"Oh, shit! You're pregnant! I totally forgot. For a minute I just thought you put on fifteen pounds!"

Fifteen? Do I look like I put on fifteen pounds? Really? No! It's eight! It's EIGHT!

Now this is LA, where people NOTICE when you do so much as clip your nails, so I wasn't really offended. Nah. Just horrified. I took my seat behind the dozen or so actors clutching their scripts, highlighting their lines, crossing and uncrossing their stick legs. 

I covered mine with my purse.

I've always been very self-conscious about my looks. I'm a woman after all and I've lived all my life surrounded by beautiful people. Skinny people. Half of my graduating class went on to model and the rest might as well have. One of my first loves graduated from bagging groceries at Ralphs to modeling for Versace and I never was able to get over the fact that he was far too beautiful to be with me. When I broke up with him everyone thought I was crazy. I was too insecure to every fully explain why it would never work out between us. He was completely out of my league. His beauty made me feel invisible. And invisibility was not a sacrifice I was willing to make.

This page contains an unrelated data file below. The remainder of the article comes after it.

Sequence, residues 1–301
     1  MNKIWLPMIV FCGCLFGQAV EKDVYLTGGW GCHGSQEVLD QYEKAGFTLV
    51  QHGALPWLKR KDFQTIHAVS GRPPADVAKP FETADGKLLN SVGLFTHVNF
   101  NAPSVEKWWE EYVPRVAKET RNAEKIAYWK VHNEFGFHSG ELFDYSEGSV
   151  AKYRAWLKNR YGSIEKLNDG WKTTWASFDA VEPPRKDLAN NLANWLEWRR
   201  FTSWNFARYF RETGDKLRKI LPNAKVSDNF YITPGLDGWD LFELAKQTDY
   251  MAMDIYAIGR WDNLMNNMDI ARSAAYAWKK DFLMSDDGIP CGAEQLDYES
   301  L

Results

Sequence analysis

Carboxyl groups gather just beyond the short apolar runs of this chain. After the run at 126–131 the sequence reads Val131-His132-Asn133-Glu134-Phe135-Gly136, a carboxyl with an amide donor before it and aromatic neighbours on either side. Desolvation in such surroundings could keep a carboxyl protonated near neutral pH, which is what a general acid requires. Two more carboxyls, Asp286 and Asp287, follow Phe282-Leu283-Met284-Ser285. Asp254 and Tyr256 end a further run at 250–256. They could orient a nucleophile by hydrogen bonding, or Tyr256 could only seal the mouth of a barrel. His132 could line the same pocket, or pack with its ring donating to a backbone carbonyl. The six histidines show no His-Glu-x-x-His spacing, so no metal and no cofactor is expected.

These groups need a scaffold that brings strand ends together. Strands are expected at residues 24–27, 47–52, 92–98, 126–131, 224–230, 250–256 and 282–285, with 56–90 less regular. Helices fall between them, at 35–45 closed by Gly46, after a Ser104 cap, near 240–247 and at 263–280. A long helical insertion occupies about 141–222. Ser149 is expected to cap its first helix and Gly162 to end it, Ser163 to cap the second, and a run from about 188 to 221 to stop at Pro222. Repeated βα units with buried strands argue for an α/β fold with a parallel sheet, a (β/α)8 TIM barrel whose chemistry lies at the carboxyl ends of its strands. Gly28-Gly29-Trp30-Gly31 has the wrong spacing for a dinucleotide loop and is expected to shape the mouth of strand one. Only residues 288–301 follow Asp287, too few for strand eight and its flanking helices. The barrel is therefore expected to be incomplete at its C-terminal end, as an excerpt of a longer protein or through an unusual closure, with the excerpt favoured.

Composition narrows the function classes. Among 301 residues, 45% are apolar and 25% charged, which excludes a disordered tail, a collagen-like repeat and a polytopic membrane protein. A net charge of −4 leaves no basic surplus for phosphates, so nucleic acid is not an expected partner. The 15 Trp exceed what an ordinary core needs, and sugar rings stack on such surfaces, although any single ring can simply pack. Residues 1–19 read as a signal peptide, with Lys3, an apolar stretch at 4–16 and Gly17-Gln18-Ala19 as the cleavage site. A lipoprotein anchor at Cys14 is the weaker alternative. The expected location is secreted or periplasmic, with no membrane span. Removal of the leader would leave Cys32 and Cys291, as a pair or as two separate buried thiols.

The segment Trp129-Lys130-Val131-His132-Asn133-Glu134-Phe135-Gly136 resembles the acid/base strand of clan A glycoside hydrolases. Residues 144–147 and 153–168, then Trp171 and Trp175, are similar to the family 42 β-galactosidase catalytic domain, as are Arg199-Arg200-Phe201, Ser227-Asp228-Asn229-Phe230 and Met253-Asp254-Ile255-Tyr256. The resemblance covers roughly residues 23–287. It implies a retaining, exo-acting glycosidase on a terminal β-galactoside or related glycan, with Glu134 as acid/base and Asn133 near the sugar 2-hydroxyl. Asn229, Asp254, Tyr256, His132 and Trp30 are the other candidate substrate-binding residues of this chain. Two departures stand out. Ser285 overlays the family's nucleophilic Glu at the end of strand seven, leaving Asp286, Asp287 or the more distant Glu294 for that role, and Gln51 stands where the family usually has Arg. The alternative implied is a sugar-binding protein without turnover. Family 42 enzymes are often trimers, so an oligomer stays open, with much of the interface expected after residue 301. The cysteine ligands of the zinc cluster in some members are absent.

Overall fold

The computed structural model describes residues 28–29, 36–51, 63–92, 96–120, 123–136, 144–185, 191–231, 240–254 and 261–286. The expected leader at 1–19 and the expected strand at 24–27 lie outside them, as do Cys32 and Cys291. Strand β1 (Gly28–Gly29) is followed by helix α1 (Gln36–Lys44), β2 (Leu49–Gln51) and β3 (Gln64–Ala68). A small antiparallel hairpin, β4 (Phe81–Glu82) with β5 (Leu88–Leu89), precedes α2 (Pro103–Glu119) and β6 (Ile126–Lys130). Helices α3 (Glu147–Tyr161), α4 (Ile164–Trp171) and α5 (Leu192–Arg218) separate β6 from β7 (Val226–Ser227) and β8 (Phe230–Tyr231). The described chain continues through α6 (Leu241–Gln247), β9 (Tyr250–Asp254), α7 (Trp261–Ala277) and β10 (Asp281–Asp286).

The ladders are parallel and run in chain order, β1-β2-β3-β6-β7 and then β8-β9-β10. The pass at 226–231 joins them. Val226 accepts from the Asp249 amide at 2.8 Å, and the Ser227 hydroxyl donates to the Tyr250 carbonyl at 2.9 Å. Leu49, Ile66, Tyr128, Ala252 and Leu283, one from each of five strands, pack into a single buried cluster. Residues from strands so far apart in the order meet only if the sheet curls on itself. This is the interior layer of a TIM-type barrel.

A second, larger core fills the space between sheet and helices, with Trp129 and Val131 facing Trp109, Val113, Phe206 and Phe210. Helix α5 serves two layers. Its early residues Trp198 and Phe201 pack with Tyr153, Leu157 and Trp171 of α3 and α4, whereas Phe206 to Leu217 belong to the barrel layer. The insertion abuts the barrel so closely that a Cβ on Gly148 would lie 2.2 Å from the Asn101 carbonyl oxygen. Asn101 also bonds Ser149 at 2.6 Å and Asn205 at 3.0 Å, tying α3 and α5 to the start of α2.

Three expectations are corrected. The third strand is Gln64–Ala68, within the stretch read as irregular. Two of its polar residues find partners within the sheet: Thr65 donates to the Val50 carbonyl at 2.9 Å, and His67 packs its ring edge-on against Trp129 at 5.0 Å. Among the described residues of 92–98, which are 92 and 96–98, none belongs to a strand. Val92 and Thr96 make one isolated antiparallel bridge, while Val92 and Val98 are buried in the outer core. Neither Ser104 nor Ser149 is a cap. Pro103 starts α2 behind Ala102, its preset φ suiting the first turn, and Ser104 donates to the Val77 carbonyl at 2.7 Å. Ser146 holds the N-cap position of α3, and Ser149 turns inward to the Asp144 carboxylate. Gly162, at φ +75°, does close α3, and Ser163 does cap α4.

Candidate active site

I'm very conscious of the fact that last pregnancy I gained a lot of weight. A lot. I was 203 pounds when Archer was born and I have the photos to prove it.

Here I am aprox 190 pounds, three days after Archer was born. (I lost thirteen pounds the day I gave birth.)

I worked my ass off to lose those sixty pounds and yes, I'm damn fucking proud. That shit was not easy to do and I really don't want to have to go through the 6am-wake-up- after-three-hours-of-sleep-to-hike-next-to-size-0-celebrities thing again. That was hell.